CHARLESTOWN – If Wednesday’s council meeting was an accurate portrayal of the sentiments of town residents, it is doubtful that the town will buy the 81 acres owned by Charlestown resident Larry LeBlanc, the proposed location for two wind turbines between King’s Factory Road and East Quail Run.
In late April, LeBlanc approached Town Administrator William DiLibero with an offer to sell the lot to the town for $3 million.
Town Councilor Gregory Avedisian said: “It’s strictly a verbal offer that he may pull off the table. I’m not prepared to rush into anything. I want to know what it’s going to be used for and how we’re going to pay for it.”
The council met in a special meeting Wednesday to receive comments on the proposal. Although sparsely attended, no one spoke in favor of purchasing the land, even though many of those present were neighbors of the proposed turbine project.
Throughout the meeting council members showed a keen interest on hearing the opinions of citizens in town. The feeling of those in attendance may have been summarized by resident Michael Chambers, who asked if here was a compelling reason to purchase the property.
Avedisian, as well as Councilors Lisa DiBello and Marjorie Frank, had the same question. “That’s the biggest question I have personally, why would we buy this?” DiBello said.
Avedisian, the council’s liaison to the Conservation Commission, said the group has already evaluated the land for use as open space and recreation. “They’ve already discussed how the property scores as open space and it doesn’t score well. Even if we were to get the property at its appraised value, well, for what purpose?” he said.
He later explained that commission members used a standard system to assess the value of the property in terms of land conservation. Based on the criteria the property scored 13 out of a possible 30 points.
Town Council President Thomas Gentz said the property is currently being assessed for the town and the result would be available at the next council meeting. In a quest to explore possibilities, he also asked if the property should be purchased to preserve Route 1, a Scenic Highway, or to preserve the dark skies around Frosty Drew Observatory, located across the highway at Ninigret Park. Residents reiterated that the land should not be purchased.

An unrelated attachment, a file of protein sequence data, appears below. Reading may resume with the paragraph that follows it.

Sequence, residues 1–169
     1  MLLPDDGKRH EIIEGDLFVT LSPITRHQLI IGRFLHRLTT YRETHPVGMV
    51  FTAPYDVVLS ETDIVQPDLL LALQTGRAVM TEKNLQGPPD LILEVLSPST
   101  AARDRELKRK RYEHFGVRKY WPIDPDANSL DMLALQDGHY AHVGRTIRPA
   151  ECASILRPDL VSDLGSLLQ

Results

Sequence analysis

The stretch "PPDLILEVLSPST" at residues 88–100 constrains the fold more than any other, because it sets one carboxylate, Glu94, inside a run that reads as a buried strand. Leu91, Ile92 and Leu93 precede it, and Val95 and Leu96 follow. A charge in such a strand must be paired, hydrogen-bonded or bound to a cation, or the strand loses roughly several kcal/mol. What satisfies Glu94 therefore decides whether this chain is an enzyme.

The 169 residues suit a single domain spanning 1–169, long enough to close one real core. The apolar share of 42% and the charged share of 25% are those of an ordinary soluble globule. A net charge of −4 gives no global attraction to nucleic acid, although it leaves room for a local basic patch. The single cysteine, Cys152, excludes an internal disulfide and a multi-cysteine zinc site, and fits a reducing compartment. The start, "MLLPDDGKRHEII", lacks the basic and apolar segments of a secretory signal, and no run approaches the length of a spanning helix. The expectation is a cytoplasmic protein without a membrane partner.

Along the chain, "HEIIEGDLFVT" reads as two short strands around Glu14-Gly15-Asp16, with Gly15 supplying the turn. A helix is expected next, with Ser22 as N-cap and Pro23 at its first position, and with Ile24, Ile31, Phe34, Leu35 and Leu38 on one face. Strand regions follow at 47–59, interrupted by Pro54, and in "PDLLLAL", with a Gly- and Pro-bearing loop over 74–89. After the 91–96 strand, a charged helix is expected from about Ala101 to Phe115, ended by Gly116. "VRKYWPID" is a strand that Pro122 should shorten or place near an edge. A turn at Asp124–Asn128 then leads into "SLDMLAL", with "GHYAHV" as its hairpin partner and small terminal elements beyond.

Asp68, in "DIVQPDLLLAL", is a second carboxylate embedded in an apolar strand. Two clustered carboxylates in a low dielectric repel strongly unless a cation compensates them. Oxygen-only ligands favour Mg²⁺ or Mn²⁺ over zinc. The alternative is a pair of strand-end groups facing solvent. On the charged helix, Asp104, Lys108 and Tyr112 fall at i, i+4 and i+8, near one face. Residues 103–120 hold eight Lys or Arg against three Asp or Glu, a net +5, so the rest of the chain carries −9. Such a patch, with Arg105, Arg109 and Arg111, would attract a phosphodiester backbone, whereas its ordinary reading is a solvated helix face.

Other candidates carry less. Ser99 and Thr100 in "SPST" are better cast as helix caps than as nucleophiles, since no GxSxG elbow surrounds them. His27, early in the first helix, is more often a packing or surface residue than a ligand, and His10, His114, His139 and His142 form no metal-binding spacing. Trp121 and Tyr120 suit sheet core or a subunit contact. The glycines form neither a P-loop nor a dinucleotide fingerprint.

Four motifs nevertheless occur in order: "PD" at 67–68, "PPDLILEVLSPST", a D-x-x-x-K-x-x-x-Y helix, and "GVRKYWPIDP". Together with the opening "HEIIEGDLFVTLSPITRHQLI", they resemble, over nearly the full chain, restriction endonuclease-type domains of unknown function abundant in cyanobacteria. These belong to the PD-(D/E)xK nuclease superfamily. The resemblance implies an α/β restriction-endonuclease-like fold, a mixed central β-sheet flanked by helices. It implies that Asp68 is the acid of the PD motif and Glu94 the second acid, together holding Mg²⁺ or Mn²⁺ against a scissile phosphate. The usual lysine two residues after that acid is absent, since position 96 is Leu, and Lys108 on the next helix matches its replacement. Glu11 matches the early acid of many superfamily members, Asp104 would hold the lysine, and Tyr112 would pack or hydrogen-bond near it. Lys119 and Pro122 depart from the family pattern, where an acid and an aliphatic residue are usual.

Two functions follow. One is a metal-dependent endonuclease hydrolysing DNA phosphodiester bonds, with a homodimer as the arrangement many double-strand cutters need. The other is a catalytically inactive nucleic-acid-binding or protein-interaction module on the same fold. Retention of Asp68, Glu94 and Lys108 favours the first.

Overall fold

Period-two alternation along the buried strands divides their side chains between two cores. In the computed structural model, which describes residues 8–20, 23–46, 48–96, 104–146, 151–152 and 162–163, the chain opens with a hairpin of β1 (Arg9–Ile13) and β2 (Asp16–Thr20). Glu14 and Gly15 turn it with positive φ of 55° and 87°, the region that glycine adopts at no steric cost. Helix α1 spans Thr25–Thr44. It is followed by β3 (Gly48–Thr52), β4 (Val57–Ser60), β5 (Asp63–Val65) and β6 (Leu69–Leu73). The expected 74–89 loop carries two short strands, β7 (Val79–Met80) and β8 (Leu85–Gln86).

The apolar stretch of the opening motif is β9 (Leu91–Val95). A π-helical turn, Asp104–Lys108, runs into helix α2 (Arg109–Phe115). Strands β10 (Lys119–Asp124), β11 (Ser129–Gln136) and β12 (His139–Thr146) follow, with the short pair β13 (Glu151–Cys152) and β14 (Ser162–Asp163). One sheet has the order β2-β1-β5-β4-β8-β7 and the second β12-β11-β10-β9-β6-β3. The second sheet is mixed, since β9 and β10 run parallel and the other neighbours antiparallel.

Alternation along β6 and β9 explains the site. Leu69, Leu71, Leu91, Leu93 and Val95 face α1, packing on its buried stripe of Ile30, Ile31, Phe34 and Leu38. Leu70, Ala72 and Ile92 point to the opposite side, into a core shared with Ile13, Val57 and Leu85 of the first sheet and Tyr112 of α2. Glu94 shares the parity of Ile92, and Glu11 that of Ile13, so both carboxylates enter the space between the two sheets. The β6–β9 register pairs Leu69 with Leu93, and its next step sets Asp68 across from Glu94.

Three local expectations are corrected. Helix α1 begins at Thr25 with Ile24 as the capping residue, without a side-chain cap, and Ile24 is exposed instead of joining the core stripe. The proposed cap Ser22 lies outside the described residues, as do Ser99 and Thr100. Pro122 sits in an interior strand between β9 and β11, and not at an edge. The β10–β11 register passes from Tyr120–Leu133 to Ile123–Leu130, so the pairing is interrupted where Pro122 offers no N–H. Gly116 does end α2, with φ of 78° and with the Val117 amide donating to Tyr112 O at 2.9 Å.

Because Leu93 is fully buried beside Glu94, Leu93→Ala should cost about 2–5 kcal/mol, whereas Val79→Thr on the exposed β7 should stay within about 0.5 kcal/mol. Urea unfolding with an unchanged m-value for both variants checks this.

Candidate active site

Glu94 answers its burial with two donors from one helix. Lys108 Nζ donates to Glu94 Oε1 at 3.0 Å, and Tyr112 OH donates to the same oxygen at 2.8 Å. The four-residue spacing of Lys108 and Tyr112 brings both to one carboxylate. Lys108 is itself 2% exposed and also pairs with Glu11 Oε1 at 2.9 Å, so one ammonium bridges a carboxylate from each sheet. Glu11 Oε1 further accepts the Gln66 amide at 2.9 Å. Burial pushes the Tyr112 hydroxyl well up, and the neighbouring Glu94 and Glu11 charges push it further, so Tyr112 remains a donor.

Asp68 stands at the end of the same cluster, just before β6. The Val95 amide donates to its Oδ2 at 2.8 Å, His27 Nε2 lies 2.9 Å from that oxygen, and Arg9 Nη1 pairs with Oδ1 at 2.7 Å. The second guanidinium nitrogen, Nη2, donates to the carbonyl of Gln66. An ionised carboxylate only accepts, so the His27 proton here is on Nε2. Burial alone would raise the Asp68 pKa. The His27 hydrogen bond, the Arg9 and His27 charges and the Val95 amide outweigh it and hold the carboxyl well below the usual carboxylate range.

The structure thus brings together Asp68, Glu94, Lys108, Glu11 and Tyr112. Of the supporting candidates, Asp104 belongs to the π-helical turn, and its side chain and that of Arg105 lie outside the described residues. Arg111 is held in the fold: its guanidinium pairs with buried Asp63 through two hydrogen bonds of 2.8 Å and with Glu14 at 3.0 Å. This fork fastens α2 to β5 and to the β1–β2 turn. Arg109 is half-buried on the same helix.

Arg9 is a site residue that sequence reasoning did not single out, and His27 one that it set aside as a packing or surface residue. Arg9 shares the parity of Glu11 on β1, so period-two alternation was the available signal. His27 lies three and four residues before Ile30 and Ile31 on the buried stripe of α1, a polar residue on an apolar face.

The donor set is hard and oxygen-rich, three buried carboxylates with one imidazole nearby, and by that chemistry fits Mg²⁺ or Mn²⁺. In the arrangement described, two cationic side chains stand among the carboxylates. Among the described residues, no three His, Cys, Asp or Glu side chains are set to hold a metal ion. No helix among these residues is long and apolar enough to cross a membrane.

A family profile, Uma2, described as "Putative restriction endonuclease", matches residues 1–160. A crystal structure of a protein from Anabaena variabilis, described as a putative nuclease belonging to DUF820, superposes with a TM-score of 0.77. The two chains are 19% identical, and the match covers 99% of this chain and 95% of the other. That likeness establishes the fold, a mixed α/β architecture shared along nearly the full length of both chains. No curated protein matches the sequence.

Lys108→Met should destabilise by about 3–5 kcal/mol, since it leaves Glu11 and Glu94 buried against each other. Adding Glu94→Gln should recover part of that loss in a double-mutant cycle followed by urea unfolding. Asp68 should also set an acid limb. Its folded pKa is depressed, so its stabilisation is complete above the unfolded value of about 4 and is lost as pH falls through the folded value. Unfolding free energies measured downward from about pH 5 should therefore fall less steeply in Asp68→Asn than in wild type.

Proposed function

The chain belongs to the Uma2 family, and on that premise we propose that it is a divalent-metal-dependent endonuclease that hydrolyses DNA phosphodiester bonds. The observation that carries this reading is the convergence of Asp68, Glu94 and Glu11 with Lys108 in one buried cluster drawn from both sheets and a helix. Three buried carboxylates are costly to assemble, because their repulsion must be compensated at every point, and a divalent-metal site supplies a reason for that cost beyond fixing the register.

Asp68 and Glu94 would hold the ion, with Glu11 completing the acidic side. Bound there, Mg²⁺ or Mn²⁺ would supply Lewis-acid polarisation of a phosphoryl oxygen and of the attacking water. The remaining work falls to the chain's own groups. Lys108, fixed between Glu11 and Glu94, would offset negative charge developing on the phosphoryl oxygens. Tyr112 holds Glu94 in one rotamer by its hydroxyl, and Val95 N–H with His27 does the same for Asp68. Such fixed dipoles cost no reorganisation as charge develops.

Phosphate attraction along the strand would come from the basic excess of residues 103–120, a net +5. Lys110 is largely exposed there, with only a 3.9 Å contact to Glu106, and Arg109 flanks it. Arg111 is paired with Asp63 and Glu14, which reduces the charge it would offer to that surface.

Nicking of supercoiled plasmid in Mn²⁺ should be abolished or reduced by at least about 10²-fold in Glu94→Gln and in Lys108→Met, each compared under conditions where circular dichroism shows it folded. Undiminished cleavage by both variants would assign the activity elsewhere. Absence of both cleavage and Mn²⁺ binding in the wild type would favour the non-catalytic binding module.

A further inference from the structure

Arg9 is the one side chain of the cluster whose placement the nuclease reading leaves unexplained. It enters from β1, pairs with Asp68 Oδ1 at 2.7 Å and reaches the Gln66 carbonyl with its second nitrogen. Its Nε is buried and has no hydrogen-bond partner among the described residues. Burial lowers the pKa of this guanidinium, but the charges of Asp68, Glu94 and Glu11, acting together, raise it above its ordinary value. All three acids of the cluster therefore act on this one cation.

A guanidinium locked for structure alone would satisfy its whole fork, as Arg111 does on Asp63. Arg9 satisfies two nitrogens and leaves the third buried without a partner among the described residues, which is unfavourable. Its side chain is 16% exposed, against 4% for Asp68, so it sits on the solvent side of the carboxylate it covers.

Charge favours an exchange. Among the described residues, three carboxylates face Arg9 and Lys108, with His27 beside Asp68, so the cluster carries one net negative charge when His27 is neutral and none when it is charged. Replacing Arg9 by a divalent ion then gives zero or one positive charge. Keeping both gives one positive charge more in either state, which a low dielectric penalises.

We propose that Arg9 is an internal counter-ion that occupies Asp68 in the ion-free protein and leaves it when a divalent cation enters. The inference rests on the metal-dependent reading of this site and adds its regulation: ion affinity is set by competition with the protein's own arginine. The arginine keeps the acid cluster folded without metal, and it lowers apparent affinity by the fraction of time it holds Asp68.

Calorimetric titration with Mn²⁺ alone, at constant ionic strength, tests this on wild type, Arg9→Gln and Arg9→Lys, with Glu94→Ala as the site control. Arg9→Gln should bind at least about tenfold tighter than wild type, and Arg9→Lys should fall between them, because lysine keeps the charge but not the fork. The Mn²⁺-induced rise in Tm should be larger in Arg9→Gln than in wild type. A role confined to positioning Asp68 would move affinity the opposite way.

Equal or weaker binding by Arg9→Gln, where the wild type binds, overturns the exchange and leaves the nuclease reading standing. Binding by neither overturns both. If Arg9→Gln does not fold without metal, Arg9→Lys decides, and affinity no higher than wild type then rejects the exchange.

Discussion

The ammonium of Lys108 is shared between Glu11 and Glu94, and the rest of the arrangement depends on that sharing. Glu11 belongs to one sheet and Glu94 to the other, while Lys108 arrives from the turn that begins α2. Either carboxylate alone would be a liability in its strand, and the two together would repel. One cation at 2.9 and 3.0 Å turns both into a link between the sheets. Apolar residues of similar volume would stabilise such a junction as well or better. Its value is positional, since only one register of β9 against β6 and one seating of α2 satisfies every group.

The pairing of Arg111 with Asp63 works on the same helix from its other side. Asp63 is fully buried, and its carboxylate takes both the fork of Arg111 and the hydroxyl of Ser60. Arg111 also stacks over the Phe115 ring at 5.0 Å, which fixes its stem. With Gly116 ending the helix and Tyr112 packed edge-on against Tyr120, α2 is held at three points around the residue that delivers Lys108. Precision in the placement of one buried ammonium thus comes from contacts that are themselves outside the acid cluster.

Prior to the meeting the council met in executive session to discuss the matter. No votes were taken. In 2008, LeBlanc offered the property to the town for about $5 million. In response, the council had the land appraised. The appraisal came in a $1.4 million. Because of the disparity and a lack of interest, the council declined to act on the offer.
Five years ago, LeBlanc proposed a senior community development that included affordable housing. Originally slated for 200 units, the proposal was scaled back to 125 condominiums in response to town concerns. Mounting opposition by neighbors and Coastal Resource Management Council rulings ultimately led to the project being canceled. In April, LeBlanc applied to the Planning Commission for a 39- lot affordable housing complex. According to LeBlanc, 10 of the houses would be priced as affordable.
The Whalerock wind turbine project has been the subject of several legal challenges. Last October, attorney James Donnelly filed a complaint on behalf of 33 neighbors of the project, contesting the town’s initial wind ordinance. In February, sued on behalf of a group of residents against the Zoning Board and Whalerock Renewable Energy, questioning the board’s January ruling that the proposal is vested. The Town Council has also filed a similar motion against the Zoning Board’s ruling. All parties are expected to file briefs within the next month.
The purchase remains on the agenda for tonight’s public workshop with the Planning Commission at 7 p.m. at Town Hall. The council is also expected to discuss the proposal at its next meeting on June 15.
Town Councilor Daniel Slattery was not in attendance.
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